Many of the risks posed by TikTok's relationship with China sound serious, but are hypothetical or too narrowly defined. Lawmakers say they are concerned about the ways Chinese ownership puts American users at risk of having their data collected and shared with the Chinese government. Similar concerns have been raised about American-owned social media platforms such as Facebook and Twitter, and there is currently a robust secondary market in such data, so the focus on foreign ownership seems to be a red herring.

Opposition to TikTok may be based on a false political premise: Cracking down on TikTok may seem to Congress like a cheap way to signal toughness on China. But like the dog that manages to catch the car, legislators may end up with more than they bargained for if they actually shut down the app in the U.S., with millions of disproportionately young users inclined to be outraged when their favorite toy is taken away.

TikTok is still a relatively new player in the social media world, and its distinctive features may be unfamiliar and intimidating to some lawmakers. This was evidenced by a March hearing in which some congressmen made embarrassingly uninformed comments about the app.

Three different representatives called the social media app "Tic Tac" at the hearing, suggesting that this Congress is not well-suited to parse technical questions. Congress, like the nation as a whole, has been steadily aging since the 1980s, and it is now the most elderly it has ever been. The median age in the Senate is 65.3 years old. In the House, it's 57.8.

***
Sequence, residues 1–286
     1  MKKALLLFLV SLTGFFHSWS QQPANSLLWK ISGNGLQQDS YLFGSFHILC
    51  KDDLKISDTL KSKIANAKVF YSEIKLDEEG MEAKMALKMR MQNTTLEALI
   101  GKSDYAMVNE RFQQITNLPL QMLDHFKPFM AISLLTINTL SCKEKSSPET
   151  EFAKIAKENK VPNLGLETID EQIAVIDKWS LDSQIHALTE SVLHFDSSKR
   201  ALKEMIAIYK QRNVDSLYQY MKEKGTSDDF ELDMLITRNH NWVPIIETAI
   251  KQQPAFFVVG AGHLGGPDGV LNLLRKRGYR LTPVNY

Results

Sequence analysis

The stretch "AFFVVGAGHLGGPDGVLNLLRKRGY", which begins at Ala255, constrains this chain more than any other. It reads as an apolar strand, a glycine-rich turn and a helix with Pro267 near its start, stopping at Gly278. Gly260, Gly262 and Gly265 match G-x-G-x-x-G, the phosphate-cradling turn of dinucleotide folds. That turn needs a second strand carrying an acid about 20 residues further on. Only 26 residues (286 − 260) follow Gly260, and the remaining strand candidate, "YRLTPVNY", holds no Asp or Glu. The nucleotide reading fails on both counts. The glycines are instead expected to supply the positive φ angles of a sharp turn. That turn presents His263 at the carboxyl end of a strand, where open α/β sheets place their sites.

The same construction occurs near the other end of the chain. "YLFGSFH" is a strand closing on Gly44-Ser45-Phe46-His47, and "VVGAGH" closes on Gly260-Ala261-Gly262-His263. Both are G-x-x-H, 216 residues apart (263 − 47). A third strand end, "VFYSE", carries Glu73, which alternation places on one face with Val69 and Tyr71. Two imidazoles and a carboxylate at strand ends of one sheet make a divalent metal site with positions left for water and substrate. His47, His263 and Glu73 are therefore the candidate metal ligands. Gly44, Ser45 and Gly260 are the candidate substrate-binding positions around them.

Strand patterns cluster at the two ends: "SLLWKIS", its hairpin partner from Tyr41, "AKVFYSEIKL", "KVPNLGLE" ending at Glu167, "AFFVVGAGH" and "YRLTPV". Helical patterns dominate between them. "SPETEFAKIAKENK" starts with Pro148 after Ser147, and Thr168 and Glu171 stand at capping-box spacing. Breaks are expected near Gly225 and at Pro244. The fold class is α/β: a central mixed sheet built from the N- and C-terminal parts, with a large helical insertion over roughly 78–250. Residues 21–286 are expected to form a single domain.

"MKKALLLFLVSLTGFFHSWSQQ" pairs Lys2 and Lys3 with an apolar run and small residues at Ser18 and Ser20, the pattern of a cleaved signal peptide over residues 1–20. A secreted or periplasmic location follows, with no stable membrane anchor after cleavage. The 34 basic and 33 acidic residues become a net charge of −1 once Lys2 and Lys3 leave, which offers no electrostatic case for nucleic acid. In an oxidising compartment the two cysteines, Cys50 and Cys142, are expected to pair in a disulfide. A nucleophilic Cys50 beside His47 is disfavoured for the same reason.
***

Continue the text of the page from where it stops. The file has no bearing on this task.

The RESTRICT Act, as its authors don't hesitate to admit, is designed to force a sale of TikTok to an American company, not to ban the app. But its dramatic constraints borrow from a playbook perfected by China itself, which currently bans Facebook, Instagram, WhatsApp, Google, YouTube, Twitter, Snapchat, Tumblr, Pinterest, Slack, Twitch, Discord, Dropbox, Quora, Wikipedia, and SoundCloud—in other words, nearly everything that makes the American internet novel and interesting.

In China, there are tight constraints even on the domestic version of TikTok, including time limits on kids' use, and much of the platform is cluttered with propaganda.

It's perfectly reasonable to limit how much time children spend on social media. But only if they are your own children. None of this has stopped the state of Utah from passing a law imposing similar limits, which will also face legal challenges going forward. We will not beat China—if "beating China" is even an appropriate goal—by becoming more like China.

"The road to hell is paved with good intentions," notes Andreessen, describing an eternal hopefulness that this time policy makers might craft "very carefully calibrated, well-thought-through, rational, reasonable, effective regulation." He then smashes that hope. "We don't get the abstract theoretical regulation, we get the practical, real-world regulation….Regulatory capture. Corruption. Early incumbent lock-in. Political capture. Skewed incentives."

Regardless of how this plays out, relatively unfettered online markets have already lost. Social media have been dragged, kicking and screaming, out of the zone of the economy that enjoys benign neglect from lawmakers, regulators, and security hawks, and into the sphere of industries deemed critical infrastructure, central to national security, or possible intelligence risks. At best, TikTok will emerge from this battle cowed and cautious—exactly the opposite of what we want in our social media. And then a new competitor will rise in its place to panic the policy makers once again.